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Giant pandas living in captivity could be suffering from “jet lag” if their body clocks don’t match their environments, scientists say.
This could have a significant impact on the well-being and behavior of the endangered species, according to a new study published Monday in the journal Frontiers in Psychology.
Like all animals, pandas have a circadian clock — an internal body clock that runs in approximately 24-hour cycles — and it is regulated by cues from their environment. But problems arise when the cues they’re exposed to in captivity do not match the ones of their natural environment, the study found.
This could be very significant to considering the welfare of animals in captivity, many of which are at high risk of extinction in the wild — including giant pandas.
“Animals, including humans, have evolved rhythms to synchronize their internal environment with the external environment,” said lead study author Kristine Gandia, a PhD student at the University of Stirling in Scotland, in a news release.
“When internal clocks are not synchronized with external cues like light and temperature, animals experience adverse effects. In humans, this can range from jet lag to metabolic issues and seasonal affective disorder,” Gandia said.
Gandia and a team of observers set out to understand how the “jet lag” of living in latitudes that animals did not evolve in can affect them.
“This is definitely a concept that could apply to all captive animals,” Gandia told CNN.
Giant pandas were chosen as the focus for the study partly because they live highly seasonal lives. Migrations occur in spring because the pandas eat a certain species of bamboo and go in search of new shoots. Spring is also mating season.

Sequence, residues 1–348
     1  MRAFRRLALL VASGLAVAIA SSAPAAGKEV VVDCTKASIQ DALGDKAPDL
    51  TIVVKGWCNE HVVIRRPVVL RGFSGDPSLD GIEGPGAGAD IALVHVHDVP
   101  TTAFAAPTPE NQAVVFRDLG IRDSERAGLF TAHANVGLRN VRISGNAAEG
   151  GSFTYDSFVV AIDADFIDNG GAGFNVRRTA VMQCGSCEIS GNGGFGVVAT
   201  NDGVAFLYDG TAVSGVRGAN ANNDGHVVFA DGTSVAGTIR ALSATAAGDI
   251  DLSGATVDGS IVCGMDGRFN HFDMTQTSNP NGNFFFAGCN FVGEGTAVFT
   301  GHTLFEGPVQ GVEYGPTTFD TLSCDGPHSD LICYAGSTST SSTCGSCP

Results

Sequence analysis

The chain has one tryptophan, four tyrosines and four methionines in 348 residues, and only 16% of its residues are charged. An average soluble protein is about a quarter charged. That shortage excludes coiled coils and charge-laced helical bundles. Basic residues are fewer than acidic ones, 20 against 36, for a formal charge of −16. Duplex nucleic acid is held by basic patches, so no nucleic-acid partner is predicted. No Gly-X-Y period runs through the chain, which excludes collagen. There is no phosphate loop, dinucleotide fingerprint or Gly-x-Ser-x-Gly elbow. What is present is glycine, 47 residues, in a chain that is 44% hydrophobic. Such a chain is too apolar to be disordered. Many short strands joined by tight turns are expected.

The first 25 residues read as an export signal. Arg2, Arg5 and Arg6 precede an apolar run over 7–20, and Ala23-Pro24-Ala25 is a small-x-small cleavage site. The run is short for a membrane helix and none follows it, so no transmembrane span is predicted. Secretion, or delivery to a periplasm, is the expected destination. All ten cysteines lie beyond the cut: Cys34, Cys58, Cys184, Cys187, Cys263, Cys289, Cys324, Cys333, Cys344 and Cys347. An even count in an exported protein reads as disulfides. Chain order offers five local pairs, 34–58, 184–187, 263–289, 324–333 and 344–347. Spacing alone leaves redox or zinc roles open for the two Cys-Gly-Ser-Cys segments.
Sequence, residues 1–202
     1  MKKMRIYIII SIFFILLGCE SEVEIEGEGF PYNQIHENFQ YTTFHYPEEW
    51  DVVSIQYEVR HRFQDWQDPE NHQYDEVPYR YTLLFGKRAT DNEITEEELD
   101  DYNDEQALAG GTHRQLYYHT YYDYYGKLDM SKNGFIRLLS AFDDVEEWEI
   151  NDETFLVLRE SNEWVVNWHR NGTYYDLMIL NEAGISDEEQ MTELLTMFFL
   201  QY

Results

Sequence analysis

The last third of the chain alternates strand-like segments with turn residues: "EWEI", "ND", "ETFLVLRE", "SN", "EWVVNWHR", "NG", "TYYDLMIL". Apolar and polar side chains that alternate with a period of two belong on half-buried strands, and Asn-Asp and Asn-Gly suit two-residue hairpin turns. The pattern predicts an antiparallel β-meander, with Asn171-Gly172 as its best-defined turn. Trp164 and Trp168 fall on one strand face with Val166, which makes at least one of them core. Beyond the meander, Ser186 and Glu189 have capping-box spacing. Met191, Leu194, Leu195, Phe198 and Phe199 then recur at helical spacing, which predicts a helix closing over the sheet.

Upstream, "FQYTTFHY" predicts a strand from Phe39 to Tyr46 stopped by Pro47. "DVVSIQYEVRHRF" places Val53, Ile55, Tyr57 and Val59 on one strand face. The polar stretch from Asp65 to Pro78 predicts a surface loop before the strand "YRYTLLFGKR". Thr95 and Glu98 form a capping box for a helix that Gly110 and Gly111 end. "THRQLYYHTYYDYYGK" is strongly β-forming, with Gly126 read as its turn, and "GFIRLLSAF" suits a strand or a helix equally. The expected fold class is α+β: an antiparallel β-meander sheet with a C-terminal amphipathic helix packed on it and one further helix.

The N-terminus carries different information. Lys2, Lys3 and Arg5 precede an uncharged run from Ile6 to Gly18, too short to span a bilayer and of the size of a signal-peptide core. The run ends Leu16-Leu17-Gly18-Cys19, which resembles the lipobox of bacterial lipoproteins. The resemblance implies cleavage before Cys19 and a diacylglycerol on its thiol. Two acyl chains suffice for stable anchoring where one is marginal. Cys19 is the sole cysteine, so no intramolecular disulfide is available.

Their treatment in captivity also lent itself well to the study, Gandia added.
“Pandas are very good animals to focus on,” she said. “They are very popular in zoos and there are a lot which have ‘panda cams’ (webcams from the animals’ enclosures), so we can see how their behavior changes across different latitudes.”
These cameras enabled the scientists to monitor the pandas’ behavior across a 24-hour period. Meanwhile, other factors such as regular visits by zookeepers could also affect the animals’ circadian clocks.
Gandia explained to CNN that the latitudinal range for giant pandas is between 26 and 42 degrees north. Matching latitudes could also be considered between 26 and 42 degrees south, she said, as these mirror the temperature and lighting conditions.
A team of 13 observers, led by Gandia, monitored 11 giant pandas at six different zoos, all of which were born in captivity. The zoos have not been identified but they were roughly split between the animals’ natural latitudes and those outside that range. Those that matched were in latitudes equivalent to their natural habitat in China, but could have been in other countries.
The observers studied the pandas every month for a year, taking regular readings to see how their behavior changed.
In an email to CNN, Gandia explained: “We recorded essentially the entire repertoire of giant panda behavior, trying to account for behaviors that are positive, neutral and negative indicators for welfare. So, this would include behaviors like play, grooming, and the sexual-related behaviors as positive behaviors, and drinking and urinating/defecating as neutral maintenance behaviors, and several abnormal/stereotypic behaviors as negative behaviors, with pacing being the most common.”
Daylight and temperature were both found to be important cues for the pandas.
Gandia explained the comparison with jetlag, telling CNN: “The ‘jet lag’ does not refer to the acute inability to sleep at proper times resulting from quickly moving between different time zones, but rather to the potential lack of ability to fully adapt to environmental conditions and cues at latitudes that the pandas have not evolved to live in. Therefore, it could result in certain internal clocks or behaviors being desynchronised with the environment or with each other.”
The captive animals displayed three peaks of activity during a 24-hour period — one of which was at night — just as they would in their natural habitat. Sexual behavior was only recorded during the daytime in adult pandas, which could be an easier time for them to find mates in the wild.
Those living in captivity outside of their home latitude were found to be less active, which may have been because the daylight and temperature cues differed from those in their natural environment.
“When giant pandas are housed at higher latitudes — meaning they experience more extreme seasons than they evolved with — this changes their levels of general activity and abnormal behavior,” Gandia said.
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